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Brains of Blind People Adapt in Similar Fashion
The human brain is remarkably adaptable, constantly being shaped by life experience. A striking example is that in blind people, the brain’s visual cortex is repurposed for auditory tasks—such as detecting motion and pinpointing where a sound is coming from. But its adopted functions could be even more complex.
“And the question is, well: How much can this part of the brain change its function in people who were born blind?”
Johns Hopkins cognitive neuroscientist Marina Bedny. She and her team had blind and sighted volunteers listen to audio clips from entertaining movies while undergoing functional MRI scans of their brains. The goal was to find out if, among blind people, the visual cortex is activated consistently for complex auditory tasks.
“So we take brain activity in one person, and we correlate it to brain activity in another person. It gives you a way to directly compare how similar the processing of two brains is when they’re listening to a given stimulus. And so that can tell us, for example, whether the visual cortices of different blind people are doing the same thing at the same time.”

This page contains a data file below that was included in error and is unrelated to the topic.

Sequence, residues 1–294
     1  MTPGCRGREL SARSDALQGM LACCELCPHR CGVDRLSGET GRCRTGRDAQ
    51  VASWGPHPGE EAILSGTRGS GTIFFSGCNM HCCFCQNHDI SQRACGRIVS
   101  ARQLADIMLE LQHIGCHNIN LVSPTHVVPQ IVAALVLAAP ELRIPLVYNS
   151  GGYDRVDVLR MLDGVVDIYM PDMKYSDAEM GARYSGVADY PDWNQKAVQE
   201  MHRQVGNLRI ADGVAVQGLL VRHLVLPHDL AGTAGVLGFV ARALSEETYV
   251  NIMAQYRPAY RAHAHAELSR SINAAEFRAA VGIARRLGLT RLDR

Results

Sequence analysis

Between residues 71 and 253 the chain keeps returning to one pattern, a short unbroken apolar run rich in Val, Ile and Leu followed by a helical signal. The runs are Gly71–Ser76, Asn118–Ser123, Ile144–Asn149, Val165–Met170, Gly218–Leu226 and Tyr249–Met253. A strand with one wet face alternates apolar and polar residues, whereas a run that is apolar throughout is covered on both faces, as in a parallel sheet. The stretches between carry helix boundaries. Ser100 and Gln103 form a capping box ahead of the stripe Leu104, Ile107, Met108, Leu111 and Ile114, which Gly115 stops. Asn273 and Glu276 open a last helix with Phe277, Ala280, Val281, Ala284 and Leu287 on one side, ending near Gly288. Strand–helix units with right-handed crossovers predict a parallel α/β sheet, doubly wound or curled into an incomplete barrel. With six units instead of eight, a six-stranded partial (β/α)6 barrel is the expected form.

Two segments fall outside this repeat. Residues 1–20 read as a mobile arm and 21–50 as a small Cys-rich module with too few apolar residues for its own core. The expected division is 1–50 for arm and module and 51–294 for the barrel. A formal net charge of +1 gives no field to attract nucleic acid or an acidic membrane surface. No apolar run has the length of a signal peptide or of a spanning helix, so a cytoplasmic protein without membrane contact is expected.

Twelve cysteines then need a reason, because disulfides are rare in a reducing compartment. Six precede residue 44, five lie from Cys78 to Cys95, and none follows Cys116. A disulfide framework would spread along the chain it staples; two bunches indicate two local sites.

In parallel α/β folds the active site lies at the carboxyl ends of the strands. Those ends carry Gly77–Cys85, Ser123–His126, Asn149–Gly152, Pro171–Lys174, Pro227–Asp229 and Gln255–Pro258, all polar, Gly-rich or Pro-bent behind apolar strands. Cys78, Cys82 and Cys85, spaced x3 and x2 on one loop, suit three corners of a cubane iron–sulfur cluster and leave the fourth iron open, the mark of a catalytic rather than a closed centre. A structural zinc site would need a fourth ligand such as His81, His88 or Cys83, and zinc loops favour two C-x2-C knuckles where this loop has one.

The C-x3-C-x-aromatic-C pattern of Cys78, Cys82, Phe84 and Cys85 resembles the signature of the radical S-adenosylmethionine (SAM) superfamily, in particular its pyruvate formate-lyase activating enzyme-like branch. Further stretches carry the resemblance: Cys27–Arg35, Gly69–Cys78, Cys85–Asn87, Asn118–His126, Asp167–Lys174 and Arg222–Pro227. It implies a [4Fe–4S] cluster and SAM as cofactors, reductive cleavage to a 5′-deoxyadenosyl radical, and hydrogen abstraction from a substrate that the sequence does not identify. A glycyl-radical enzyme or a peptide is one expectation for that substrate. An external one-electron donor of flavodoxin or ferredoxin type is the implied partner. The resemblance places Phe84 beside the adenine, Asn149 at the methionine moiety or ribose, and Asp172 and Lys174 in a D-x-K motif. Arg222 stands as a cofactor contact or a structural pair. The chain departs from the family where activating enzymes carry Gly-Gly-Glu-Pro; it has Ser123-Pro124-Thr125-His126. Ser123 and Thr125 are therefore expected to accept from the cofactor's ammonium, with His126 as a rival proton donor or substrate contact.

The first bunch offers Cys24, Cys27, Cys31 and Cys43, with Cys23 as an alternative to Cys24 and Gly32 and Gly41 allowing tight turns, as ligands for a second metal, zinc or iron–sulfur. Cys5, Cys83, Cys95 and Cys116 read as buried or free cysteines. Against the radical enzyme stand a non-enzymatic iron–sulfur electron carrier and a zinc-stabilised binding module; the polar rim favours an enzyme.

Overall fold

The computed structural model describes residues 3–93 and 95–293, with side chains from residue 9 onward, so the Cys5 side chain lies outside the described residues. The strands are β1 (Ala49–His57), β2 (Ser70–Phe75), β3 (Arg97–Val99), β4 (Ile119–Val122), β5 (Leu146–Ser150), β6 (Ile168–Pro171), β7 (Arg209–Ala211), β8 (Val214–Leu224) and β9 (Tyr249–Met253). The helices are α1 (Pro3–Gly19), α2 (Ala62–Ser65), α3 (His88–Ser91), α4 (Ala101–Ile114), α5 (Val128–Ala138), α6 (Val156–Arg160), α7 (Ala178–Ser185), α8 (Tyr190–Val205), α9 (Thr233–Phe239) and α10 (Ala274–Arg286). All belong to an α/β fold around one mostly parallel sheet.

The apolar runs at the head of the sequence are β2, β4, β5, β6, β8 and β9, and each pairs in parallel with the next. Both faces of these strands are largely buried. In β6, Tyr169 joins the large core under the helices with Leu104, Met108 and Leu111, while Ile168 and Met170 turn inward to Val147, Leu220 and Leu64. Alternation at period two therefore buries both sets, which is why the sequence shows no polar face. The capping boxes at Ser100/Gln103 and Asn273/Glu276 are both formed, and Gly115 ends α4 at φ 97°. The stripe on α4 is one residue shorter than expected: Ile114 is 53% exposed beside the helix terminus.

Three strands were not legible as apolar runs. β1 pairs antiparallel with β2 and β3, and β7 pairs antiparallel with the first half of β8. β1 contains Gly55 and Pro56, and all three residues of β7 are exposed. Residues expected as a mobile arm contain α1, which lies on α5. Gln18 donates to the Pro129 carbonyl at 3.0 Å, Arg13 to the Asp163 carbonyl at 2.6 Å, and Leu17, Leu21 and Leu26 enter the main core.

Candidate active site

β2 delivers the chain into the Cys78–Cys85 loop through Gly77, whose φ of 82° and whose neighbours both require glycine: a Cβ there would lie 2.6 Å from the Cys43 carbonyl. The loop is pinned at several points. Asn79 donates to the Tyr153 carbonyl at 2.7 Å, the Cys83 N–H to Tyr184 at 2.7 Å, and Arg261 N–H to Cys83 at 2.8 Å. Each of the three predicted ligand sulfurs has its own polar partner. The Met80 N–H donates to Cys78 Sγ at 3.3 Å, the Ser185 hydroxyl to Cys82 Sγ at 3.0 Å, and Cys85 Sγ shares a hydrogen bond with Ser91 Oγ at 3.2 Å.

“You get massive synchrony over something like 65 percent of the occipital lobe, which is a lot of cortical territory.”
In other words, in blind participants, most areas of the visual cortex were activated at the same time by the movie audio.
But the visual cortices of sighted people didn’t show consistent activation. What’s more, the similarities became much less pronounced among the blind participants when the movie clips were scrambled and became meaningless. That finding suggests the visual cortex isn’t just acting like a simple sound processor.
“And that’s important because it means that this brain region likely went from being a low-level sensory area to behaving like a higher cognitive area, which suggests a very extreme level of reorganization and plasticity.”
The study appears in the Journal of Neuroscience. Rita Loiotile et al., Naturalistic auditory stories synchronize “visual” cortices across congenitally blind but not sighted individuals.
Further research will investigate other ways in which life experiences may profoundly shape cognitive function, from reading braille to programming computers.
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